Volunteer Spotlight: Musicians
Music soothes souls. Since 2009, Family House has staged hundreds of performances for guests in genres that include gospel, bluegrass, classical, and West African folk music. UNC glee clubs are crowd-pleasers, as are magicians. An Andy Griffith impersonator even came one night.
We asked musicians who’ve been to Family House what playing there means to them. Here’s what they said:
"It’s one of my favorite gigs, and I recruit other musicians. Whether two people or 25 hear us, it’s always worth it. One lady whose son was hospitalized said, ‘This is the first hour I've been able to get things off my mind in a week.’ Whenever people say things like that, we feel like ‘Yeah, we'll be back.’ Another lady knew a band member had been sick. After the show, she told her ‘I’ve been praying for you.’ For a Family House guest to say she’s praying for you—it just kind of melts you."
-Sandy Herring, banjo player
"Playing for people at SECU Family House reminds us of what it really means to go out and play music: to bring happiness to others, if only for a short while. When you look out and see your audience smiling, you know you've done that."
-Tony Matthews, guitarist
"Performing at SECU Family House has been wonderful. My spirit is always lifted when I share my music with guests. They’re positive, resilient, and always show appreciation. I provide them with a respite from their worries, giving them a peaceful hour or two. I enjoy talking with guests. We’ve had many moments of fellowship. I hope I can continue to perform at the house for a long time."
-Michael Paris, solo performer
"We play for fun, and if we feel we help someone at the same time, it’s a much better experience. When we play at Family House, it’s not always for a big crowd, but someone always seems to appreciate it. We know guests are going through trying times. If a little entertainment takes them away from their concerns, it’s a great feeling for us. In that sense, we are helping each other!"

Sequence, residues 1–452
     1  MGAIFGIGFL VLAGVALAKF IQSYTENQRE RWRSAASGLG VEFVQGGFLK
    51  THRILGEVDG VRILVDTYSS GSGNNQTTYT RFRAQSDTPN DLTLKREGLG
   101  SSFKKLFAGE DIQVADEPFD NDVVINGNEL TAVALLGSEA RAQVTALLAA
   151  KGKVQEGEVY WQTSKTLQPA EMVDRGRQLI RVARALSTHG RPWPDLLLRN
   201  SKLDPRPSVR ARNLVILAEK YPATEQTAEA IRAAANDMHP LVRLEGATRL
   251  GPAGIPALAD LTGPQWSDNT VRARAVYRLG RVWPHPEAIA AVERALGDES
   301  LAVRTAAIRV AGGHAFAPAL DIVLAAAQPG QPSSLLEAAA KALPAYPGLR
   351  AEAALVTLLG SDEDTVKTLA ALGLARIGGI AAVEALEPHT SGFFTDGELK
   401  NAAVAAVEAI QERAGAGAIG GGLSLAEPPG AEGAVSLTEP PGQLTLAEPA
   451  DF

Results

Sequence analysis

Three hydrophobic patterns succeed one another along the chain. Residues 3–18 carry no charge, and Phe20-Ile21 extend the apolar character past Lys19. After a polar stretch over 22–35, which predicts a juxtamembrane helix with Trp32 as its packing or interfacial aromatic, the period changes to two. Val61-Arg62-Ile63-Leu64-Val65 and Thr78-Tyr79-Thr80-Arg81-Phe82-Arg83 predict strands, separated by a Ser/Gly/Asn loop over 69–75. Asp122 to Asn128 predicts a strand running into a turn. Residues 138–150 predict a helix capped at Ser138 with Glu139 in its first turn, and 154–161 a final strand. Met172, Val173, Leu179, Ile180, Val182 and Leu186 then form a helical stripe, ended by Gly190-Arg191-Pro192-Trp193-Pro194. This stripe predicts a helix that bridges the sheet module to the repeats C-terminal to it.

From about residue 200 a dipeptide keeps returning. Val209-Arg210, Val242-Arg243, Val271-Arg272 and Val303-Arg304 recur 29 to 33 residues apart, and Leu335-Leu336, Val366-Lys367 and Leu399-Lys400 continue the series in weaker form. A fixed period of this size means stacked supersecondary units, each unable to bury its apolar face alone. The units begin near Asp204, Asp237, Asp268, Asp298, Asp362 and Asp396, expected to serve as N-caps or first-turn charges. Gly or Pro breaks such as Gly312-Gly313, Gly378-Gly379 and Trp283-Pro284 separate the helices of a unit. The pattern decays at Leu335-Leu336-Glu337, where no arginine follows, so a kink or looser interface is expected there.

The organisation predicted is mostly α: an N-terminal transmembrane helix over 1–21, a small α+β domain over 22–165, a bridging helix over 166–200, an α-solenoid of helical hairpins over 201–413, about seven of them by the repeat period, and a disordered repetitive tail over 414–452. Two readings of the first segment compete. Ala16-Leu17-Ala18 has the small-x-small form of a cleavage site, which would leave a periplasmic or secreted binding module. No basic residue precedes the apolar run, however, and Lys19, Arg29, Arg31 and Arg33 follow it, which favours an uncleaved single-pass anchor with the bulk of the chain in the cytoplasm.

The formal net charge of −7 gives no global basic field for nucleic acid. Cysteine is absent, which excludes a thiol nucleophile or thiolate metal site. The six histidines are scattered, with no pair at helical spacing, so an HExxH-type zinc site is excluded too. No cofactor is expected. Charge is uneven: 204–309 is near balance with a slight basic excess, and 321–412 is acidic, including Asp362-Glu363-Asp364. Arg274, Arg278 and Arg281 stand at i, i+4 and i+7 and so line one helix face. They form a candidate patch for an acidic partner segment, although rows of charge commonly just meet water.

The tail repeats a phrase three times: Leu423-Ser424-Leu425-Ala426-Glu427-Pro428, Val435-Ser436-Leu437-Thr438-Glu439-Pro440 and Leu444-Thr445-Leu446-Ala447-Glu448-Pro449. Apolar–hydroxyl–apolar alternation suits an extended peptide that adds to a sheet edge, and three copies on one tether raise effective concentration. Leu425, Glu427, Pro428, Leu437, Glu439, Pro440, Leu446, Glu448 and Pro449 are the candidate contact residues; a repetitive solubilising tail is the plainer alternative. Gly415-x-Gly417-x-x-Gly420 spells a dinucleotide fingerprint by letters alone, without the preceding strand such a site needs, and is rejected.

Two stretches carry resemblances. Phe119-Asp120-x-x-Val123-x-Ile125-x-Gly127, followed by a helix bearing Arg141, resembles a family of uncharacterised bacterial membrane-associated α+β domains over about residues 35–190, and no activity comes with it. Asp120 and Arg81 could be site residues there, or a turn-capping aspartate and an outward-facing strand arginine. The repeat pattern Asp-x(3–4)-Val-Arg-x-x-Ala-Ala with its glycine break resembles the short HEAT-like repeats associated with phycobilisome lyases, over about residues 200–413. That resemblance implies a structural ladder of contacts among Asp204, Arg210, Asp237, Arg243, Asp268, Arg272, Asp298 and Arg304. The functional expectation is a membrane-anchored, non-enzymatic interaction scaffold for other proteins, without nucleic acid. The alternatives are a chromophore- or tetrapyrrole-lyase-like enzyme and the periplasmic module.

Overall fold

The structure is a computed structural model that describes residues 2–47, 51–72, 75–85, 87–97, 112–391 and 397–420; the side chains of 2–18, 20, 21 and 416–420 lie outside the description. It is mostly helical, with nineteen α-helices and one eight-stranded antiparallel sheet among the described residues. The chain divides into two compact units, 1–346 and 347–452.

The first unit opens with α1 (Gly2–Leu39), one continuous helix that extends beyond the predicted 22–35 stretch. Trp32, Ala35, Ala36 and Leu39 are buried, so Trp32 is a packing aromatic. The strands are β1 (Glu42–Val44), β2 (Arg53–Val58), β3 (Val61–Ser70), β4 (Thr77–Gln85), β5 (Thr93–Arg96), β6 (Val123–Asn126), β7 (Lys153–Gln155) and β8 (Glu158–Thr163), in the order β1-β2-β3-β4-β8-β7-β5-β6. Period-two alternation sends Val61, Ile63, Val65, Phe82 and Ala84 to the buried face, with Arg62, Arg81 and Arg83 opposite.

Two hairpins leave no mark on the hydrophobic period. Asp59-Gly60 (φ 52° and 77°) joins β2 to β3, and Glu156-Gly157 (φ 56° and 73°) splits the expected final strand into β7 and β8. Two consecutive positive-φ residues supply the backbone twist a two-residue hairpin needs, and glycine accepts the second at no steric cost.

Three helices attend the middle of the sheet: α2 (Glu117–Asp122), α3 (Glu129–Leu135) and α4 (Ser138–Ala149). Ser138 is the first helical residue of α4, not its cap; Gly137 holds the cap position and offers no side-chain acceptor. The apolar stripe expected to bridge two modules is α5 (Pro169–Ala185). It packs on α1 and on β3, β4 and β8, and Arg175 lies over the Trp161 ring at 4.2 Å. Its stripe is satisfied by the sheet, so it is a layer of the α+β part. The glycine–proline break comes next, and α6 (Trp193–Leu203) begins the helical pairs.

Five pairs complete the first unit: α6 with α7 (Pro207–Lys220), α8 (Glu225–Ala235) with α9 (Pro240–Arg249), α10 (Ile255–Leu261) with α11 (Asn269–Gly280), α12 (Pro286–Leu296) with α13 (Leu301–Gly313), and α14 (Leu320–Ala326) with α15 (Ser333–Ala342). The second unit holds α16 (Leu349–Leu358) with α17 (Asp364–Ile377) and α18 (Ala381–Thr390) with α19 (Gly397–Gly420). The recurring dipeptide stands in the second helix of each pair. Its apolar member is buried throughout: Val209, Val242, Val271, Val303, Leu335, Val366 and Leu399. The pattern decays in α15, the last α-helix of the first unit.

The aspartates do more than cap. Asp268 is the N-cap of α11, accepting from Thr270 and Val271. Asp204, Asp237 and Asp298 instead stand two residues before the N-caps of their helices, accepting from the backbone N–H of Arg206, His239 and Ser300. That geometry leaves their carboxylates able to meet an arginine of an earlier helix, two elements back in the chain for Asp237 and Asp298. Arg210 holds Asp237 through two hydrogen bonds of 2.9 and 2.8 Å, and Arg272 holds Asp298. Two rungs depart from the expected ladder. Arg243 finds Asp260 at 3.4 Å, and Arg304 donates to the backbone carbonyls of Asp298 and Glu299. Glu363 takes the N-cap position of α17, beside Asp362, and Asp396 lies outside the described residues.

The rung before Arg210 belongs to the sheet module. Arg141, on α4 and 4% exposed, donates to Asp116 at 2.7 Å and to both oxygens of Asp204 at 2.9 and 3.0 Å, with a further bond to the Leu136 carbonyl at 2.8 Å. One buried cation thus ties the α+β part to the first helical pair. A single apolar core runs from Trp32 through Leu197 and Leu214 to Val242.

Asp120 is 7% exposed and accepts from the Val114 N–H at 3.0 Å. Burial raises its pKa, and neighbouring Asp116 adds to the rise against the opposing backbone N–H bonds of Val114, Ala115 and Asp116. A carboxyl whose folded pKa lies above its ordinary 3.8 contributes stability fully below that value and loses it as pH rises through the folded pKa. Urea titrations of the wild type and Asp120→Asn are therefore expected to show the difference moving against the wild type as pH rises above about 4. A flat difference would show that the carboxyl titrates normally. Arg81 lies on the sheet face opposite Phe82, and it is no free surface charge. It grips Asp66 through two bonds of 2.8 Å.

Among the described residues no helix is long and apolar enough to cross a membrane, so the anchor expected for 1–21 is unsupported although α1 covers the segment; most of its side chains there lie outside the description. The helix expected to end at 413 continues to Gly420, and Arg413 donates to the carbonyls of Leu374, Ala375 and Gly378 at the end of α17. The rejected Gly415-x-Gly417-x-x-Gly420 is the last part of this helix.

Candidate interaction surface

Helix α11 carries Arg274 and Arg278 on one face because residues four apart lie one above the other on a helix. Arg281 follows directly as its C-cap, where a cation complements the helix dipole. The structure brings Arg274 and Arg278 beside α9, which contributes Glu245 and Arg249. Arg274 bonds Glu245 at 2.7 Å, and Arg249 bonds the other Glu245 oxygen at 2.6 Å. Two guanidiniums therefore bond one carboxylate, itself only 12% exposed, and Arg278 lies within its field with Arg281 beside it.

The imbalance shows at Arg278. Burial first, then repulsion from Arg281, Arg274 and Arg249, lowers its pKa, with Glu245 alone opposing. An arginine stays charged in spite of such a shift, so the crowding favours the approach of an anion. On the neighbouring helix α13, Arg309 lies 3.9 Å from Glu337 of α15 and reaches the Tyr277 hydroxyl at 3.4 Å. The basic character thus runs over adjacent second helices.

-Jay Miller, Up Cane Creek
"I love that I can do something as simple as take an hour out of my life to create this respite for people going through so much. Friends ask me 'How many people were there?' Sometimes five. Sometimes 12. It doesn’t matter. Once there were two people. It doesn’t matter. The point is somebody is having a difficult time, and if I can offer a moment to take their mind off it, so they can smile a little or not smile, but maybe not frown. It's huge. As much as I like playing, I like sitting and talking with people afterward. To me, that's as satisfying. It’s good for my soul."
-Rollie Olin, Far From Done
"First and foremost, it’s always good to get out and play for other people. That is the most important thing with music. At first, things were a little tense, but a little bit into the performance, you could see guests relax. You could see it in their faces, and to me, that was worth the trip, because they had probably a pretty rough day. They really enjoyed it, and that’s what music’s all about."
-Wendell Thornton, guitarist
To play at Family House, contact Volunteer Services Manager Georgie Clemens at firstname.lastname@example.org or Volunteer Entertainment Coordinator George Spencer at email@example.com.